In order to analyze whether silent ischemic brain lesions are found more frequently in AF patients with at least one stroke risk factor compared to those without stroke risk factors, we retrospectively analyzed individual patient data assessed in three prospective monocenter studies focusing on MRI-detected brain lesions after left atrial catheter ablation for symptomatic AF in Germany or Austria [16, 17]. Furthermore, we compared the frequency of cerebral microbleeds or white matter hyperintensities (WMH) in AF patients with or without stroke risk factors.

Methods

Study design and study population

According to the respective study protocols, all three studies recruited consecutive patients presenting for pulmonary vein isolation in symptomatic AF. Patients were eligible for the present analysis if they had symptomatic non-permanent AF and no history of prior stroke or transient ischemic attack (TIA). Focusing on silent brain lesions after ablation, all patients underwent “baseline” brain MRI within 24–48 h prior to scheduled ablation. All patients underwent echocardiography according to study protocols in order to rule out a thrombus before ablation. Left atrial dimensions were determined in 165 (94.3%) patients using the parasternal view in 81% and the apical 4-chamber view in 19%. A dilated left atrium was therefore defined as ≥42 mm in diameter (parasternal view) or ≥ 58 mm (long axis, apical view) [18, 19]. In all three studies, demographic data including stroke risk factors were assessed.

The present data pooling has been approved by the Ethics Committee of the Charité –Universitätsmedizin Berlin, Germany (EA4/087/08). Furthermore, each individual study was approved by the local Ethics Committee before (Ethics Committee Witten/Herdecke, Germany (114/2016); Ethics Committee of the Elisabethinen University Teaching Hospital Linz, Austria (K-103-16)). Individual patient data were taken from the MACPAF study (n = 35; [16]), the Austrian study (n = 116; [17]) and a study in Bocholt, Germany (n = 24).

Brain imaging

Using a 3 Tesla MR scanner (Siemens, Erlangen, Germany) in Berlin; Germany [16] and a 1.5 Tesla MR scanner (Siemens, Erlangen, Germany) in Linz, Austria and Bocholt, Germany, the following MRI sequences were assessed in 175 study patients: diffusion-weighted magnetic resonance imaging (DWI; n = 175) to identify acute ischemic brain lesions; T2*-weighted imaging (n = 138) to diagnose microbleeds and exclude brain hemorrhage, and Fluid-attenuated inverse recovery (FLAIR, n = 58) or conventional T2 weighted images (n = 117) to assess the microangiopathic load. Evaluation of all MRI images was done by a board certified neuroradiologist (JBF), blinded to all clinical data White matter hyperintensities (WMH) were graded according to the Fazekas score [20]. A cerebral microbleed was defined as a small (≤10 mm), hypointense lesion in T2*-weighted imaging. The nomenclature endorsed by STRIVE was used as applicable [21]. To allow a comparison of reported brain MRI data to patients without AF, a subgroup of volunteers enrolled to the prospective single-center “Berlin Beat of Running study” [22] was analyzed. An identical MRI protocol was used in the “Berlin Beat of Running study” and in the MACPAF study.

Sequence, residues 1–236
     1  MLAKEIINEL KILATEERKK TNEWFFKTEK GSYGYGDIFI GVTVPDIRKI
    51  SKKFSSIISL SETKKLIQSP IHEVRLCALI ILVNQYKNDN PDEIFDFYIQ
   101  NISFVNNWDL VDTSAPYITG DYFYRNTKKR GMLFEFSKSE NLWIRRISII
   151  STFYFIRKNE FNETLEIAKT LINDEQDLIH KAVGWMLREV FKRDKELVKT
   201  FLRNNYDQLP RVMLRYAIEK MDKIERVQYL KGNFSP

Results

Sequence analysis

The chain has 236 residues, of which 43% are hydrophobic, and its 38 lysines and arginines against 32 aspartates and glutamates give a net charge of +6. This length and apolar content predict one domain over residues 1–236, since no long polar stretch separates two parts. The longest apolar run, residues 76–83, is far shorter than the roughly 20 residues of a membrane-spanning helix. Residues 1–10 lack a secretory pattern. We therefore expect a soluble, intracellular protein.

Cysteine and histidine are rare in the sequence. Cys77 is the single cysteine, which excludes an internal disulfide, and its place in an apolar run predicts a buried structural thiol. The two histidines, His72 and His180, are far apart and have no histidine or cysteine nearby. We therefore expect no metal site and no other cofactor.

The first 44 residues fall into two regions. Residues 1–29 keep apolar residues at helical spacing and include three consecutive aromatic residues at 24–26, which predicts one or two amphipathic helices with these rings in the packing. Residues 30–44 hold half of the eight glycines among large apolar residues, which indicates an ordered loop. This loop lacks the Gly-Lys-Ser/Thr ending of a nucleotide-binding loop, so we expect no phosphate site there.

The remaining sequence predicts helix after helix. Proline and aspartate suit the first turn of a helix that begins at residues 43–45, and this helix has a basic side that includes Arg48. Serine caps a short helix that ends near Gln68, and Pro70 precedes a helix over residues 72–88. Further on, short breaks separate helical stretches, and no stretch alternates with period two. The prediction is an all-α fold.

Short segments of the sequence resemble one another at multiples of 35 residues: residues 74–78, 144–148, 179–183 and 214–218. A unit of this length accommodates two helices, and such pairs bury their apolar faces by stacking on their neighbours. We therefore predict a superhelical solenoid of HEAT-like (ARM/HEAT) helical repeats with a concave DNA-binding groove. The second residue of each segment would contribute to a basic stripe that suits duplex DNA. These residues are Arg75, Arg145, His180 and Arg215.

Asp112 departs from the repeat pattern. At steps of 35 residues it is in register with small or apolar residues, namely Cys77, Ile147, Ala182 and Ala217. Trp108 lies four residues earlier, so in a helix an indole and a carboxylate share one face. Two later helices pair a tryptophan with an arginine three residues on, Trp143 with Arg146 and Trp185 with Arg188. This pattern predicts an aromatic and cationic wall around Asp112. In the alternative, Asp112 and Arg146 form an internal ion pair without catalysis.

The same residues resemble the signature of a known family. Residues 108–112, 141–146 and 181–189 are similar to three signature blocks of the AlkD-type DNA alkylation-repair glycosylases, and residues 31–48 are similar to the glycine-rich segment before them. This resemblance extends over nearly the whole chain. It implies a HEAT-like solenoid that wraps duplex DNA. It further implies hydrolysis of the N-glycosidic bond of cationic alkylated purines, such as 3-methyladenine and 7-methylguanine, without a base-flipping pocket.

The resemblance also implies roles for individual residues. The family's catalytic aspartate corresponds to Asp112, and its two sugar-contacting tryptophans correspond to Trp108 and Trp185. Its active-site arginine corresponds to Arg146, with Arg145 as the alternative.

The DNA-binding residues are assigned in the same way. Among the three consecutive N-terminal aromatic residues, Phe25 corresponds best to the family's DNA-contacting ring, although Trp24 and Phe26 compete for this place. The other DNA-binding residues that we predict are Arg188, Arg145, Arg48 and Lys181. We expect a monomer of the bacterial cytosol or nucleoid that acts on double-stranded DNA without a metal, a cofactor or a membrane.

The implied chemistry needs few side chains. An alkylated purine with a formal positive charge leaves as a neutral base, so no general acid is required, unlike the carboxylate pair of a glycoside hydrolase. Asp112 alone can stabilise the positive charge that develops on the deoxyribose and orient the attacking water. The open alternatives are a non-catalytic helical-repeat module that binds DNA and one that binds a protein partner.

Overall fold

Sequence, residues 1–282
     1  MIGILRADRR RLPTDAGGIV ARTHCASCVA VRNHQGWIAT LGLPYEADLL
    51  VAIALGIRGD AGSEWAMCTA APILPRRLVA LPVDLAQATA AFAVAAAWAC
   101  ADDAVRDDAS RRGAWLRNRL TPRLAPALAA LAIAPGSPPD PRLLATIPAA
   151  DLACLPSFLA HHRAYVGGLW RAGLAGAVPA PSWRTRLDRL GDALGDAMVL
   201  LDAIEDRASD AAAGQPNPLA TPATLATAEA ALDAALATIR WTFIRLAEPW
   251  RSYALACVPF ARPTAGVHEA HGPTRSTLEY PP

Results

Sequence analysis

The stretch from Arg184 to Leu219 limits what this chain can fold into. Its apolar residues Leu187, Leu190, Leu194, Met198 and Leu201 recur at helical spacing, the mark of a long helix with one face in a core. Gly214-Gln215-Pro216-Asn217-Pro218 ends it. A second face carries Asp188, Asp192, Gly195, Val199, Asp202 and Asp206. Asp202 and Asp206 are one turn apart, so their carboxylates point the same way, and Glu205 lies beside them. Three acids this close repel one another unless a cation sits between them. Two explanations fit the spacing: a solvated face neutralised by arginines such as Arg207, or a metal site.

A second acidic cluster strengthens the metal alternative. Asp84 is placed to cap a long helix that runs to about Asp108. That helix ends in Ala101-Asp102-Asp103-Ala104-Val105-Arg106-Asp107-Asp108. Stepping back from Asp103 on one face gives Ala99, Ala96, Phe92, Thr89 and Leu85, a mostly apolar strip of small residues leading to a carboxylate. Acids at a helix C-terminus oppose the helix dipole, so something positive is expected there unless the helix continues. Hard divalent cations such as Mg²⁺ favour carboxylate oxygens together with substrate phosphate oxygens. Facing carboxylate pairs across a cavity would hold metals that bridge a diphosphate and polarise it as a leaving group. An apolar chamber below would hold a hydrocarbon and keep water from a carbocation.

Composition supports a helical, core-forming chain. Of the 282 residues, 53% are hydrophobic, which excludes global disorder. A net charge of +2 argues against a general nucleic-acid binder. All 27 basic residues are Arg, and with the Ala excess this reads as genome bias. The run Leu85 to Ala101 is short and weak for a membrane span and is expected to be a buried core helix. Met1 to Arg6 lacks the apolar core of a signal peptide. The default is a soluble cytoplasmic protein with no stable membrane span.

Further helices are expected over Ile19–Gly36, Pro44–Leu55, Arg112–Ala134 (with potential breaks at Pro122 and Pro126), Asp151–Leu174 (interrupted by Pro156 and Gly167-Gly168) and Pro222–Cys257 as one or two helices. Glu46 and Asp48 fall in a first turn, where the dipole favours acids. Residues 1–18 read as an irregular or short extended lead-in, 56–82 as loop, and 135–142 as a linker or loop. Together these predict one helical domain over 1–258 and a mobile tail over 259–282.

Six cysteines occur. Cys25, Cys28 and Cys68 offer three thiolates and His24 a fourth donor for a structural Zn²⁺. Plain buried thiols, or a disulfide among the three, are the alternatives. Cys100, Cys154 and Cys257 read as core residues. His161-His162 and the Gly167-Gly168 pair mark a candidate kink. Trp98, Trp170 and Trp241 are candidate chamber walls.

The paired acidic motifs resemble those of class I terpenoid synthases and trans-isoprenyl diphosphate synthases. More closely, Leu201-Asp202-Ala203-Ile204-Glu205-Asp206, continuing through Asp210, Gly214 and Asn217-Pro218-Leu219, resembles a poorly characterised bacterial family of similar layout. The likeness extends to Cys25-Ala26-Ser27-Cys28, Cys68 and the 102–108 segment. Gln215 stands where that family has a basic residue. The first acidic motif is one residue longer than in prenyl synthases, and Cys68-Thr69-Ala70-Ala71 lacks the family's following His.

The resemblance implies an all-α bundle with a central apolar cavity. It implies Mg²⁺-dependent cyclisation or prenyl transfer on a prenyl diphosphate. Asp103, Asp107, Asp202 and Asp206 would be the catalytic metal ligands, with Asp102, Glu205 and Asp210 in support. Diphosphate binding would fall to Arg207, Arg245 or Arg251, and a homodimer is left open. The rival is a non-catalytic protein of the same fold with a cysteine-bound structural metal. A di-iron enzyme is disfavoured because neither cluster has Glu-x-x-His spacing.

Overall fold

Statistical analysis

Absolute and relative frequencies were reported for categorical variables. As a result of comparably small sample sizes, normal distribution of continuous variables could not be assumed. Therefore, medians and quartiles were calculated for all variables. The Fisher exact test was used to compare proportions of dichotomous outcomes between independent groups. The Mann-Whitney test was used to compare proportions of nominal variables between independent groups. Impact factors regarding the burden of cerebral microbleeds were reported using a Poisson regression model. A p < 0.05 indicates significant associations.

Results